Chapter 6


The nation that leads the clean energy economy will be the nation that leads the
global economy.


  • Barack Obama, State of the Union address January 27, 2010.

The concept of global warming was created by and for the Chinese in order to make US manufacturing non‐competitive.


  • Donald J. Trump, Twitter, November 6, 2012.

In economics, a “negative externality” or “spillover effect” is defined as a cost borne
by a third party outside of a transaction. An example of a transaction with a nega‐
tive externality would be the sales of chlorofluorocarbons, such as Freon, for use as
refrigerants or aerosols. These compounds will accumulate in the stratosphere and,
upon exposure to ultraviolet radiation, breakdown to release highly reactive chlorine.
Chlorine, in turn, will react with ozone and disrupt the integrity of the ozone layer.
Unrestricted passage of mutagenic ultraviolet radiation through a hole in the ozone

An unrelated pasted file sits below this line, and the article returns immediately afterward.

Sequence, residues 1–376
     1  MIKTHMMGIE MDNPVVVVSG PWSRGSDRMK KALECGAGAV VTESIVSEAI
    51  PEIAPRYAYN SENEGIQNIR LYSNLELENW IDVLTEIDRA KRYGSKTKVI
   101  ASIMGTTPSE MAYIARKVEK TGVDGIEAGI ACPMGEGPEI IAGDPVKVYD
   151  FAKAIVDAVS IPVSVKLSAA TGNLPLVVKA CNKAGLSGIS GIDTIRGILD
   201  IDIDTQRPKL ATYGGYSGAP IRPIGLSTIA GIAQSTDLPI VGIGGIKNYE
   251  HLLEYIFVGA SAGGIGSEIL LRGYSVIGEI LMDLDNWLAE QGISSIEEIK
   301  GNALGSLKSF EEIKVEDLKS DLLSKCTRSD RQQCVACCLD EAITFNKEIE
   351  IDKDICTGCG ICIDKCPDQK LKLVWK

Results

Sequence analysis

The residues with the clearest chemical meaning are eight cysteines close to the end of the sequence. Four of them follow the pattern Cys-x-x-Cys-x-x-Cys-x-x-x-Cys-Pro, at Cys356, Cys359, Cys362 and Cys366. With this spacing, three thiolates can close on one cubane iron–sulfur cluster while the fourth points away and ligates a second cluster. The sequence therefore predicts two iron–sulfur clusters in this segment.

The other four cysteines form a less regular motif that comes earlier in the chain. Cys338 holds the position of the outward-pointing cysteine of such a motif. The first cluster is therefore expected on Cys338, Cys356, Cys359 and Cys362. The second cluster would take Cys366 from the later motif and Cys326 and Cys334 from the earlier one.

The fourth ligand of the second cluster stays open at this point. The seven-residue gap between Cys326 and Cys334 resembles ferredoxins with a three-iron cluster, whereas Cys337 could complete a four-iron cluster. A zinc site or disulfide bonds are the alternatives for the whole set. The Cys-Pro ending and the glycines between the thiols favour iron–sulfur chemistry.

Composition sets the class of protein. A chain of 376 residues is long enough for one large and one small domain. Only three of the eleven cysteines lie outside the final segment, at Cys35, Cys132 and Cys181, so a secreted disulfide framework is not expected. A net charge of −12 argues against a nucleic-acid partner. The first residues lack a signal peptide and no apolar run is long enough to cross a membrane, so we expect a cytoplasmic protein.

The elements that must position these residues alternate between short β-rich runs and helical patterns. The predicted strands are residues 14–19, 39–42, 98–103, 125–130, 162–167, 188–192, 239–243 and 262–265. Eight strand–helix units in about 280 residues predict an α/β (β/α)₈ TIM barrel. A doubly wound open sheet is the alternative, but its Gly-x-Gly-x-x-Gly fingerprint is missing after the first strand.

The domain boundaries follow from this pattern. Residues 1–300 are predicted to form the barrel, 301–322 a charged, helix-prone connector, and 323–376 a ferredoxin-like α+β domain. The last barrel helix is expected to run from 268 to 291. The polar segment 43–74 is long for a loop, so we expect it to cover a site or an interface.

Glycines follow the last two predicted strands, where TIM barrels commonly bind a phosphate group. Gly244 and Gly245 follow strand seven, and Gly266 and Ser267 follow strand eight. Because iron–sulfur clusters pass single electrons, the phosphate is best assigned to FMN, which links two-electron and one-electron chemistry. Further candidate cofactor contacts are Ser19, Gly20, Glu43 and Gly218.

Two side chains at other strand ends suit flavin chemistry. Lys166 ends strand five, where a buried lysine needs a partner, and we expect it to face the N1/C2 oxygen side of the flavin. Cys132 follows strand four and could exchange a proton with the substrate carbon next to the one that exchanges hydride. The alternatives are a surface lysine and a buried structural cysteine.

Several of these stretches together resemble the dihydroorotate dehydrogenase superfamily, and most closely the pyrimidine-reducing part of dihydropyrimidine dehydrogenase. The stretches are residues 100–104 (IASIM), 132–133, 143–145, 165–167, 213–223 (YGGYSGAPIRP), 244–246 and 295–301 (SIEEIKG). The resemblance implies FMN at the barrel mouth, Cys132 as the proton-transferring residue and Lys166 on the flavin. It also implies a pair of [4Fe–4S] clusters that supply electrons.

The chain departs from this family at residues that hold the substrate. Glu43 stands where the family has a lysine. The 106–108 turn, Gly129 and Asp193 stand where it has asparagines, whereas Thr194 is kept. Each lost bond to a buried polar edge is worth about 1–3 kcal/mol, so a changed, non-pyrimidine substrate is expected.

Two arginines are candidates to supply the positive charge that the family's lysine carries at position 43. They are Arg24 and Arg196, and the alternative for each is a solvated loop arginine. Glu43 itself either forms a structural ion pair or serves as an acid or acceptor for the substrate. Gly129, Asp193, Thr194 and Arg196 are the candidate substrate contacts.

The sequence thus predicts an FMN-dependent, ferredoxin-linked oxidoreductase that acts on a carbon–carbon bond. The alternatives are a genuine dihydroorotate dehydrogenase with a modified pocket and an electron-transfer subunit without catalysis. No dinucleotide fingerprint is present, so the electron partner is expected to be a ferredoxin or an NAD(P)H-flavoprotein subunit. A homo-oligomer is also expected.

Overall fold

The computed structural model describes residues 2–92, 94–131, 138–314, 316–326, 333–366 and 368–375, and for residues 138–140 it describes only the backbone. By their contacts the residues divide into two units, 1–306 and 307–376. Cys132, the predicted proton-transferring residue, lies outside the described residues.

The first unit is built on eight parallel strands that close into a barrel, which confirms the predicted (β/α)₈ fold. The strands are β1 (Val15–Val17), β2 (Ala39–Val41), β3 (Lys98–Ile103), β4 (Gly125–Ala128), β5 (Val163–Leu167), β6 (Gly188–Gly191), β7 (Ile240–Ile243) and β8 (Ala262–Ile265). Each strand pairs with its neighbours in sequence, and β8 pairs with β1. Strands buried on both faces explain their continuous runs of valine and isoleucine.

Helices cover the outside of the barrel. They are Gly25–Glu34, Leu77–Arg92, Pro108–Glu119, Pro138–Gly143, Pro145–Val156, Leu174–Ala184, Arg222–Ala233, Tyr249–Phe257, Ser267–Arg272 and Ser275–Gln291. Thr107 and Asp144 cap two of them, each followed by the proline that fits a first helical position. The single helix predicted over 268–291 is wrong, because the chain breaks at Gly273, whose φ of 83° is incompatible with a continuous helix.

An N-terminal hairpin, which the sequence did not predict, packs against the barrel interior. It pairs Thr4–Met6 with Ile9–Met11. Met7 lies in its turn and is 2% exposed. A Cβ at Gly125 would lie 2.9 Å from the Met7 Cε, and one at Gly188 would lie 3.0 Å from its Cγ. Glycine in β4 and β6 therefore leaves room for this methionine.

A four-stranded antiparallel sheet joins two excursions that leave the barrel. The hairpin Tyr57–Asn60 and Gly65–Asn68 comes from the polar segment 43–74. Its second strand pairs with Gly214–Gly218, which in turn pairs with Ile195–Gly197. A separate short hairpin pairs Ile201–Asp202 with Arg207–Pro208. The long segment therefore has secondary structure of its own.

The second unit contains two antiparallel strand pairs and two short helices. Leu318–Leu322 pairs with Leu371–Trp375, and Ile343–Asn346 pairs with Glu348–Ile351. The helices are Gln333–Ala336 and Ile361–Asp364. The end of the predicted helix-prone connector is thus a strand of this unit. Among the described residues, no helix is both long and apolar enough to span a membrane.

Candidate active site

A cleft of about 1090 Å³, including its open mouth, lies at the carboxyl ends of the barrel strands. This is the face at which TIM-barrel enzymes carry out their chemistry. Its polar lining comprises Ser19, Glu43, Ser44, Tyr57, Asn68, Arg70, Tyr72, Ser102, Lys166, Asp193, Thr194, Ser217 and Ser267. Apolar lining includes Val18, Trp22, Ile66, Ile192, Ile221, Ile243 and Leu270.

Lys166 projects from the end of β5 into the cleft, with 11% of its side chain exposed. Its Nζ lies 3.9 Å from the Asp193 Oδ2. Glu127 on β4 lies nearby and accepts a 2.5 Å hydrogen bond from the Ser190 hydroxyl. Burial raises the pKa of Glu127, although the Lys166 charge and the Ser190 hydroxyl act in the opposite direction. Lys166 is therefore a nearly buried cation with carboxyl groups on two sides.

layer will increase the incidence of cancer among terrestrial life forms. The health
costs of unregulated sales of Freon were not part of transaction between the chemical
manufacture and the customer, and this negative externality would be incurred by third
parties exposed to carcinogenic UV radiation. As the science of chlorofluorocarbon
reactions in the upper atmosphere advanced, the dangers of continued use of these
compounds came into focus. In 1989, the Montreal protocol came into effect whereby
world governments agreed to the implementation of an international treaty to phase
out the use of chlorofluorocarbons.

An important role of government is to make full use of the expertise of the scientific
community in assessing the risks and benefits of industrial and consumer practices.
When appropriate, responsible governance requires the implementation of measures
to protect citizens and ecosystems from the harmful effects of negative externalities
from transactions that, in the absence of intervention, would continue unabated.

Excess emissions of GHGs over the next 20–30 years will result in a deferred negative
externality in that the costs of surface warming will be largely incurred by subsequent
generations during the second half the century.